Saudi Woman Running Away from Family is Now Under UNHCR Protection

Saudi Woman Running Away from Family is Now Under UNHCR Protection

Saudi Woman Running Away from Family is Now Under UNHCR Protection

Qunun was detained on arrival at Bangkok and denied entry to Thailand while en route to Australia, where she said she meant to seek asylum.

Rahaf Mohammed Alqunun on her mobile phone as she sat barricaded in a hotel room in Thailand's worldwide airport in Bangkok on Monday.

Australian national broadcaster ABC reported that the country's Home Affairs Department announced late Tuesday that it would consider al-Qunun's application for asylum if she was found to be a genuine refugee, and called on the Thai authorities and UNHCR to assess her claim as quickly as possible.

"Pending the outcome of that, if she is found to be a refugee, then we will give very, very, very serious consideration to a humanitarian visa", he told the Australian Broadcasting Corp.

The 18-year-old claims she was abducted and had her passport confiscated by Saudi Arabian diplomatic staff after she arrived at Bangkok's Suvarnabhumi Airport on Sunday.

Gen. Surachate Hakparn said that Alqunun's father and brother arrived together in Bangkok on Tuesday but Alqunun refused to meet them.

Friends of Saudi woman Ms Alqunun claim she was nearly forced onto a flight from Thailand back to Kuwait despite seeking asylum in Australia.

"We have no idea what he is going to do. whether he will try to find out where she is and go harass her".

She told The Daily Mail, "When I came to Thailand someone told me that he will help me to get a visa for Thailand in the airport".

Rahaf Mohammed Al-Qunun in Bangkok.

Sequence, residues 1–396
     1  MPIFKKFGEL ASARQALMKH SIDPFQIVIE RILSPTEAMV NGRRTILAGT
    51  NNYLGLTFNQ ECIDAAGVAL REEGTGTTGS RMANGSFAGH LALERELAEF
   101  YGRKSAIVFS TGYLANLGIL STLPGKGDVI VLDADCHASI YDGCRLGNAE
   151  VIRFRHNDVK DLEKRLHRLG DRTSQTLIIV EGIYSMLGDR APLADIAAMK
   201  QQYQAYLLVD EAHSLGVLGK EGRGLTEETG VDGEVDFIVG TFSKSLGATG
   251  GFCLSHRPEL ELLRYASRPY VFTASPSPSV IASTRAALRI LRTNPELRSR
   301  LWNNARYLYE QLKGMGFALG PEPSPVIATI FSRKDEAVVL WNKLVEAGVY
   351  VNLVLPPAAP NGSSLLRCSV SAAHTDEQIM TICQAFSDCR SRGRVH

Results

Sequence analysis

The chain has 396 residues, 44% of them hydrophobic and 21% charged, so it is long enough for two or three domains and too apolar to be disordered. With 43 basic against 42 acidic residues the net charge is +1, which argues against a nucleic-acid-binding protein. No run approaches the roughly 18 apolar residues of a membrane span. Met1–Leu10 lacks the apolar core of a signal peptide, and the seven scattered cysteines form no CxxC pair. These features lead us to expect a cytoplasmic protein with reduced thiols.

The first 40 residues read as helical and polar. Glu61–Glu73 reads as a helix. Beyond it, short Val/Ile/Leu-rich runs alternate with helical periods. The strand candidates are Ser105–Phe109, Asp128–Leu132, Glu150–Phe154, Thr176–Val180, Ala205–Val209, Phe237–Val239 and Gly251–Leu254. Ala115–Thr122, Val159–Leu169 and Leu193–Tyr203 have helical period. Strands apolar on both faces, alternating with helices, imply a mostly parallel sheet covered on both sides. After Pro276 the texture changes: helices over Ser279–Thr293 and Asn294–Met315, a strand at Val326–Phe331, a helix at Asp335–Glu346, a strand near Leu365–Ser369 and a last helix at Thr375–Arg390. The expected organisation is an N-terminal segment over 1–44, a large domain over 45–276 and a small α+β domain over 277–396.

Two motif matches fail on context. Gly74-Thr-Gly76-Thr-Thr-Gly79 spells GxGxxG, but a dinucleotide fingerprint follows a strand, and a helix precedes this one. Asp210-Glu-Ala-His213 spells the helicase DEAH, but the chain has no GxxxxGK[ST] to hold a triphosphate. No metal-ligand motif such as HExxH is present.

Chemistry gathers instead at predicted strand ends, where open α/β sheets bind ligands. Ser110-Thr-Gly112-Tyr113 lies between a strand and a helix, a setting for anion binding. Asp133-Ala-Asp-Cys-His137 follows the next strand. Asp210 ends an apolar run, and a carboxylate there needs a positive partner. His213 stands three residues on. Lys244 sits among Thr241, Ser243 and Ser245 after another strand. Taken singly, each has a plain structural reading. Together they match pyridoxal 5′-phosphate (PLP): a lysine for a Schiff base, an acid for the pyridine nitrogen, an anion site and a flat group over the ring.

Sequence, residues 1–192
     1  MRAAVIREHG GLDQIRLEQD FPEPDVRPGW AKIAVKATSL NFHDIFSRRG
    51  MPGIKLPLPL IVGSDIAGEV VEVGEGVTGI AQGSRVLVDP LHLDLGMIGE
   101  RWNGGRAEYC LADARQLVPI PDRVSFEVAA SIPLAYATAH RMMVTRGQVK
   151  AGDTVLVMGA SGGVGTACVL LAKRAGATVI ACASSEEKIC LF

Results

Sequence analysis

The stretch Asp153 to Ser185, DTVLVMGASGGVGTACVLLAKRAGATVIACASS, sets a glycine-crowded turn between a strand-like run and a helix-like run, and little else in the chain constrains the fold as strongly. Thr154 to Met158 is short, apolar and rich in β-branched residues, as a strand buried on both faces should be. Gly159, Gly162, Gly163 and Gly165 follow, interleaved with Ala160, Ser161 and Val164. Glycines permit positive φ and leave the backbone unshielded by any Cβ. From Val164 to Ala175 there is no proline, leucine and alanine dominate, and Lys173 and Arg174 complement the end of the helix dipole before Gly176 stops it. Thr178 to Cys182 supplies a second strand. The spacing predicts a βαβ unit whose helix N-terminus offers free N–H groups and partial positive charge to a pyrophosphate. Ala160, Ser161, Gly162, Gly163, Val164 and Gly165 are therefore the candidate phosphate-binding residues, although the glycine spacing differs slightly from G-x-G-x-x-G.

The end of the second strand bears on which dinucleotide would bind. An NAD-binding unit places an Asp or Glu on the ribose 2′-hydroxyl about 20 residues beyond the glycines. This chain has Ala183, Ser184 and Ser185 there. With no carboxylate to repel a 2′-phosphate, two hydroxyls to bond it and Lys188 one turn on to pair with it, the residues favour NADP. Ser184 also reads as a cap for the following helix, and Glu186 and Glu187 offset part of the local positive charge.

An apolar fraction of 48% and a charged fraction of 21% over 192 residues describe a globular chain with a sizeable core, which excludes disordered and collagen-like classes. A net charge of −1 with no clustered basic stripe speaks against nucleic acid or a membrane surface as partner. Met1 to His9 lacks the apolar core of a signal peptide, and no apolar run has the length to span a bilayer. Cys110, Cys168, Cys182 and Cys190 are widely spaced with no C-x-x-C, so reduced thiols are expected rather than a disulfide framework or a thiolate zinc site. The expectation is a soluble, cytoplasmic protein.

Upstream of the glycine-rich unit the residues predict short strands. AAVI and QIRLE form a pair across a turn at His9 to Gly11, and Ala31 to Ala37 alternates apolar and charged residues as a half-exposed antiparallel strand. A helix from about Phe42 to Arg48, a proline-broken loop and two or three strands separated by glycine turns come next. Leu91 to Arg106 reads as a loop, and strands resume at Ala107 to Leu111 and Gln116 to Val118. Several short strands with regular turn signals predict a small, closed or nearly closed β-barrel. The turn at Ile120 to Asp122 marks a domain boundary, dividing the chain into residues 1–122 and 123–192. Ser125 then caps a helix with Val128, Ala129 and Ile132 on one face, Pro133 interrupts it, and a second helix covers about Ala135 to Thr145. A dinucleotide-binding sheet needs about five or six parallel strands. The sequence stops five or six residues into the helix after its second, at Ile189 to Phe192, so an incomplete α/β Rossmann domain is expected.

She was held in an air side hotel room while Thai officials said they would put her on the next flight back.

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Ms Mohammed al-Qunun's case echoes that of another Saudi woman who was in transit to Australia in April 2017.

Thai immigration services said that such a meeting is possible only with approval from United Nations personnel.

Renouncing Islam is a crime punishable by death under the Saudi system of syariah, or Islamic law, though the punishment has not been carried out in recent memory. Both countries have said she was stopped because she didn't have a return ticket, hotel reservation or itinerary with her upon arrival.

The embassy of Saudi Arabia in Bangkok declined to comment on the case, but the Saudi Ministry of Foreign Affairs issued a statement through its Twitter account claiming that the embassy "did not impound the girl's passport", as Qunun claimed on Twitter, and that they "did not meet or communicate with her", only with the Thai authorities. Once, she said, her family locked her up in a room for half a year because she cut her hair in a style they disliked.

Activists say Saudi Arabia is one of the most repressive countries to women in the world and forbids females from obtaining a passport, traveling overseas or marrying without a male guardian's permission.

"The Kingdom of Saudi Arabia has not asked for her extradition".

Thailand has never ratified the United Nations convention that recognises refugee status, and it considers refugees and asylum seekers as it would any other migrant.

He said the Thai government "needs to explain why diplomats from Saudi Arabia are allowed to walk in closed areas of the Bangkok airport, seizing one of their citizen's passports".

Speaking on condition of anonymity, the activist said there had been instances where Saudi women runaways were stopped by authorities in Hong Kong or the Philippines en route to Australia or New Zealand. It said the embassy is not communicating with the teenager, but is communicating with Thai authorities.

Rahaf's posts immediately caused outcry on social media and attracted a flurry of responses.

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